Friday, March 28th, 2008
There has beern a lot of great Comet content recently, especially from Comet Daily of course :)
Joe Walker has written up 3 styles of API that are relevant when considering Comet services, which are:
- Traditional API Style. This API is the most obvious. If you want to set the text of a button, you call
field.setValue(43.5)or something similar. Itâ€™s possible to imagine complex APIs like the SWT library made available remotely. This type of API does not need Comet, unless the trigger for wanting to alter the UI is asynchronous.
- Message Passing Style. This API style is very simpleâ€”typically just a
subscribe()method to declare an interest in some topic, and a
publish()method to declare some information to a topic. Some messaging APIs (notably JMS) add a large number of classes around this simple concept, however at its core, itâ€™s as easy as those 2 methods.
- Synchronized Data Style. This style involves some data cache on the server that is synchronized with a similar data cache on the client (or clients).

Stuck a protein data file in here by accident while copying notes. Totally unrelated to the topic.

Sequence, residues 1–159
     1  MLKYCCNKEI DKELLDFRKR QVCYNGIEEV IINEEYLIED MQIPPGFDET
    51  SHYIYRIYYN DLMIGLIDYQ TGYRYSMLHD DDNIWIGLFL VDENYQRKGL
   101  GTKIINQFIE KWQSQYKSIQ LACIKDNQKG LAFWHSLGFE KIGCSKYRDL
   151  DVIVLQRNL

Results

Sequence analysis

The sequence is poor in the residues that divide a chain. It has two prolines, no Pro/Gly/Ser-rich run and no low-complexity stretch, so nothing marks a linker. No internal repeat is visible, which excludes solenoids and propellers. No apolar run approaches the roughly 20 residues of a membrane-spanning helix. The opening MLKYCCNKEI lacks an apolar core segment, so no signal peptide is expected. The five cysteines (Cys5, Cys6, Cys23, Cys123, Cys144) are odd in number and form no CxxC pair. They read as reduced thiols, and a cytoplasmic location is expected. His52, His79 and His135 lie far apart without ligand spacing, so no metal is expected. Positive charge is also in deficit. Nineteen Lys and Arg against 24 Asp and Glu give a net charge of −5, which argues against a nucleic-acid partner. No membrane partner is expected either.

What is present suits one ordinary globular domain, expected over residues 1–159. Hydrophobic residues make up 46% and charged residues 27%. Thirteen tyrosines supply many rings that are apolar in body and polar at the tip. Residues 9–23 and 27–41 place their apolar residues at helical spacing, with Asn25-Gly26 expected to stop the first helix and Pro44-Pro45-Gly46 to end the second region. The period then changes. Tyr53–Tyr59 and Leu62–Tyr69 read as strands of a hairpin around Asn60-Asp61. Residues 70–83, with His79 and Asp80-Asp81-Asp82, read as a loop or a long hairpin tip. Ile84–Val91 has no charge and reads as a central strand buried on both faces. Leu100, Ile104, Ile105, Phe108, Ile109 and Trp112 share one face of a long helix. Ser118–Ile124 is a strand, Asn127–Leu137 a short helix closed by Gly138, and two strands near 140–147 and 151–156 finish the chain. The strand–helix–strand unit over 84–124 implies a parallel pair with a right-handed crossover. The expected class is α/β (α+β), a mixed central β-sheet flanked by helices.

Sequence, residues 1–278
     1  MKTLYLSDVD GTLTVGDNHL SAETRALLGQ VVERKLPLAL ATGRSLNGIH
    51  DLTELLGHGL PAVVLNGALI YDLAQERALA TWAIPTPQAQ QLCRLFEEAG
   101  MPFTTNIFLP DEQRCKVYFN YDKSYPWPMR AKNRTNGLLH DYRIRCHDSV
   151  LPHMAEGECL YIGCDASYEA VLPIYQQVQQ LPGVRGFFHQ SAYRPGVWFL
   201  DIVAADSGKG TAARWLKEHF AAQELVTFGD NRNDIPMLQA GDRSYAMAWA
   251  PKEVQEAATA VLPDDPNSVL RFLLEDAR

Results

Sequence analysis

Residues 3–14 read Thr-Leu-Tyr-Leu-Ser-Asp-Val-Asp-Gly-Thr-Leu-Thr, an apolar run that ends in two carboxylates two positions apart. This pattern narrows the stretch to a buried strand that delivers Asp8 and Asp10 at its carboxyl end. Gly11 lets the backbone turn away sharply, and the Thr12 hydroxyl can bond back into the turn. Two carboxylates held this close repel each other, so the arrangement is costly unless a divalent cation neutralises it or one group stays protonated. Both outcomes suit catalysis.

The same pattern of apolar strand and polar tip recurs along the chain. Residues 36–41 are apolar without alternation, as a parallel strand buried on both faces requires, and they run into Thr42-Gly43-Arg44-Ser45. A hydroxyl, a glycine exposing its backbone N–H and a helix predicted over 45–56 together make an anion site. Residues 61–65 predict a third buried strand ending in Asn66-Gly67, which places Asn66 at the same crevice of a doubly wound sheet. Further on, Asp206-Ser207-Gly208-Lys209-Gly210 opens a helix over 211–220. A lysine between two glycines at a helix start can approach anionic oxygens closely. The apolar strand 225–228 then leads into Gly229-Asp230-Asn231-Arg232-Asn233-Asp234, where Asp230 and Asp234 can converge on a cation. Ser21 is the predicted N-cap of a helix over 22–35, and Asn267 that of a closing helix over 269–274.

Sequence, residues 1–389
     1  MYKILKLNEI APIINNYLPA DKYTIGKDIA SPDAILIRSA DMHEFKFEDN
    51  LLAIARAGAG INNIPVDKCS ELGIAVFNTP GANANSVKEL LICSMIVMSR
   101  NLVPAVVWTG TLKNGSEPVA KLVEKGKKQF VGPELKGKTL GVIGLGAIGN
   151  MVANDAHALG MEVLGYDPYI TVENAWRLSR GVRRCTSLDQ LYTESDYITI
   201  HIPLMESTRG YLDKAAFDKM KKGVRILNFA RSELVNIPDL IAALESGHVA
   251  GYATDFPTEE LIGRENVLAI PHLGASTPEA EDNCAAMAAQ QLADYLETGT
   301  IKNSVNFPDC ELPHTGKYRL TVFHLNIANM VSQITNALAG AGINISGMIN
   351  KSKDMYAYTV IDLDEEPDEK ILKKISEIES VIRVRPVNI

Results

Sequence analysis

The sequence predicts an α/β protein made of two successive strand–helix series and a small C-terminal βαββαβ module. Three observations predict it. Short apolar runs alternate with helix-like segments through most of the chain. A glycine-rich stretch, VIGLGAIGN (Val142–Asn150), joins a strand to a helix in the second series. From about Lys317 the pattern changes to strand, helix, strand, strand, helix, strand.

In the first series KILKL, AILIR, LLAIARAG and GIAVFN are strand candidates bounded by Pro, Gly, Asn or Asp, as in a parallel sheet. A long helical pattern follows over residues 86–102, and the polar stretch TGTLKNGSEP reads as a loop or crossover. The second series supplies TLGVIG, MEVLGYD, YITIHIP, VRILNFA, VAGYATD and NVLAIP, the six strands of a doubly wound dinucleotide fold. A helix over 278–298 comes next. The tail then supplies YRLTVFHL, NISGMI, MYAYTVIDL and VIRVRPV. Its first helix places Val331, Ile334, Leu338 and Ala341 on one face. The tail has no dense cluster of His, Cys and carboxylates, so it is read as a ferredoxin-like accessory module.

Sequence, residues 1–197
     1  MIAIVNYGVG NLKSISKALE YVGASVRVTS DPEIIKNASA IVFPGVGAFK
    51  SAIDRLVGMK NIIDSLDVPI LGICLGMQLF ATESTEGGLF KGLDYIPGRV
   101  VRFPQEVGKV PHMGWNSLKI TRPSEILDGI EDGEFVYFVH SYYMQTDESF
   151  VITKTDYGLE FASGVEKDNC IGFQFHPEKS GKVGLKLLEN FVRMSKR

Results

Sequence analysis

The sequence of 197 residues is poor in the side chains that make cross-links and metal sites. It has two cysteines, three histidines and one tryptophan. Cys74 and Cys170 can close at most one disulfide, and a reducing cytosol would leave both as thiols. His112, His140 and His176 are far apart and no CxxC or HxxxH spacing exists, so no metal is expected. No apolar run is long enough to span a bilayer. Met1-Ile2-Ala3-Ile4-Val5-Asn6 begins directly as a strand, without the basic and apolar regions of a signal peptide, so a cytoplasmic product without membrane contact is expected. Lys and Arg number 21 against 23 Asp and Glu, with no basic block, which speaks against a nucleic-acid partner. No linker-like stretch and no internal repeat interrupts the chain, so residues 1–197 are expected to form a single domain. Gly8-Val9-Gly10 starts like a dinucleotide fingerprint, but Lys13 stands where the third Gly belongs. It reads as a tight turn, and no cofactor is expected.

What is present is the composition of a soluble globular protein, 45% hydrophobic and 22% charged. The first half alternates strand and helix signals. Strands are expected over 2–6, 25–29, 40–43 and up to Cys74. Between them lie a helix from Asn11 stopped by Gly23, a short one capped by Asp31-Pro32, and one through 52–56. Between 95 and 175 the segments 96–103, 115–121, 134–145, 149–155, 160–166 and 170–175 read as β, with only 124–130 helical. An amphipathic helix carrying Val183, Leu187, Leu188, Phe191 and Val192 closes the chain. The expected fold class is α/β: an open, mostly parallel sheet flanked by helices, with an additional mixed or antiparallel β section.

Joe then walks through the pros and cons, and includes information on how DWR does its thing.
Colliding Comets: Battle of the Bayeux
The entire crew has a series of back and forth opinion pieces on the Bayeux protocol:
- Part 1: Greg Wilkins explains the need for Bayeux
- Part 2: Michael Carter criticizes the current state of Bayeux
- Part 3: Greg Wilkins responds to Michael Carter
- Andrew Bettsâ€™ thoughts (from a related article)
- Part 4: Michael Carter responds to Greg Wilkins
- Part 5: Kris Zypâ€™s thoughts
- Part 6: Alex Russell responds to Michael Carter
- Part 7: Michael Carter responds to Alex Russell
Benchmarking Comet servers is not easy. There are lots of variables which impact the results, often in an unexpected way, so the only way to be sure is devise and run the appropriate tests. Making assumptions while testing is not good; if you need to know something it should be measured and recorded.
It is possible to achieve high numbers of users with high update rates and relatively low latency. However, a project needs to understand the implications, such as bandwidth, which are inherent in the requirements rather than the technology. A serious project should also perform benchmark tests themselves, with test scenarios similar to expected usage, rather than just looking at some headline figures from the Comet server vendor.
Finally, Zaid Al-Timimi has released XML Studio 7.3 which has Comet developer support.
Developers can now build and test real-time streaming mash-up applications. Version 7.3 embeds a copy of the upcoming <alt> Dynamic Mashup Server which uses a custom version of Grizzly, the Comet technology from Sun.
Posted by Dion Almaer at 5:56 am